Basilina (Greek: Βασιλίνα; died 332/333[1][2]) was the wife of Julius Constantius and the mother of the Roman emperor Julian (r. 361–363) who in her honour gave the name Basilinopolis to a city in Bithynia (modern Pazarköy near Gemlik, in Turkey).[2]

BiographyEdit

Basilina was of Greek descent born in Asia Minor.[3][4] She was the daughter of Caeionius Iulianus Camenius,[5] or more likely of Julius Julianus,[1][2] and received a classical education (i.e., Homer and Hesiod) from Mardonius, a eunuch who grew up in the house of her father.[1] She became the second wife of Julius Constantius, whom she gave Julian;[2] Basilina died a few months after childbirth;[1][2] her sister was the mother of Procopius.[6]

A Christian, Basilina initially favoured the Arians, but gave her lands as an inheritance to the church of Ephesus.[2] She was a relative of Bishop Eusebius of Nicomedia, her son's tutor.

ReferencesEdit

CitationsEdit

  1. ^ a b c d Baynes 1911, p. 63.
  2. ^ a b c d e f Jones, Martindale & Morris 1971, "Basilina", p. 148.
  3. ^ Norwich 1989, p. 83: "Julius Constantius [...] Constantine had invited him, with his second wife and his young family, to take up residence in his new capital; and it was in Constantinople that his third son Julian was born, in May or June of the year 332. The baby's mother, Basilina, a Greek from Asia Minor, died a few weeks later [...]"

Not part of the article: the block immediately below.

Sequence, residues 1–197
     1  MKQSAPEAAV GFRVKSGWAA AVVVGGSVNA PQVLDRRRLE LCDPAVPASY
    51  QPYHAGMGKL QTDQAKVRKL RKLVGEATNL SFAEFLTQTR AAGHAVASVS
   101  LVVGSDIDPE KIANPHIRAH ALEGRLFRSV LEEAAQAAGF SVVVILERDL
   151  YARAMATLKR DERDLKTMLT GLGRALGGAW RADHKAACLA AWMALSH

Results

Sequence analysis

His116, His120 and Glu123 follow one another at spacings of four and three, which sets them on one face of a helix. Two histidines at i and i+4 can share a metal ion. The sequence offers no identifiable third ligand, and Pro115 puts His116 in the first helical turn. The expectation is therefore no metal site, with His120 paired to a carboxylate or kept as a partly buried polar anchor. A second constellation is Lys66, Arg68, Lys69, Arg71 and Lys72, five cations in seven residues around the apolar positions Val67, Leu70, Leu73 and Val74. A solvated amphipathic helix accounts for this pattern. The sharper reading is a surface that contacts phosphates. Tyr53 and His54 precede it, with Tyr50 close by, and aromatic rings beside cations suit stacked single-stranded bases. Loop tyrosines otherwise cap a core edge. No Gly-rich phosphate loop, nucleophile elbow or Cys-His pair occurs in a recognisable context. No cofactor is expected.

4. ^ Bradbury 2004, p. 58: "JULIAN THE APOSTATE, FLAVIUS CLAUDIUS JULIANUS, ROMAN EMPEROR (332–63) Emperor from 361, son of Julius Constantius and a Greek mother Basilina, grandson of Constantius Chlorus, the only pagan Byzantine Emperor."
  5. ^ DiMaio 1997.
  6. ^ Ammianus Marcellinus. Res Gestae, 26.6.

SourcesEdit

  • Baynes, Norman H. (1911). "CHAPTER III Constantine's Successors to Jovian: And the Struggle with Persia". The Cambridge Medieval History. Cambridge: Cambridge University Press. pp. 55–86.
  • Bradbury, Jim (2004). The Routledge Companion to Medieval Warfare. London and New York: Routledge. ISBN 0-415-22126-9.
  • DiMaio, Michael (22 February 1997). "The Siblings of Constantine I". De Imperatoribus Romanis: An Online Encyclopedia of Roman Emperors. Retrieved 11 May 2021.
  • Jones, Arnold Hugh Martin; Martindale, John Robert; Morris, John (1971). The Prosopography of the Later Roman Empire, Volume I: A.D. 260–395. Cambridge: Cambridge University Press. ISBN 0-521-07233-6.
  • Norwich, John Julius (1989). Byzantium: The Early Centuries. New York: Knopf. ISBN 0-394-53778-5.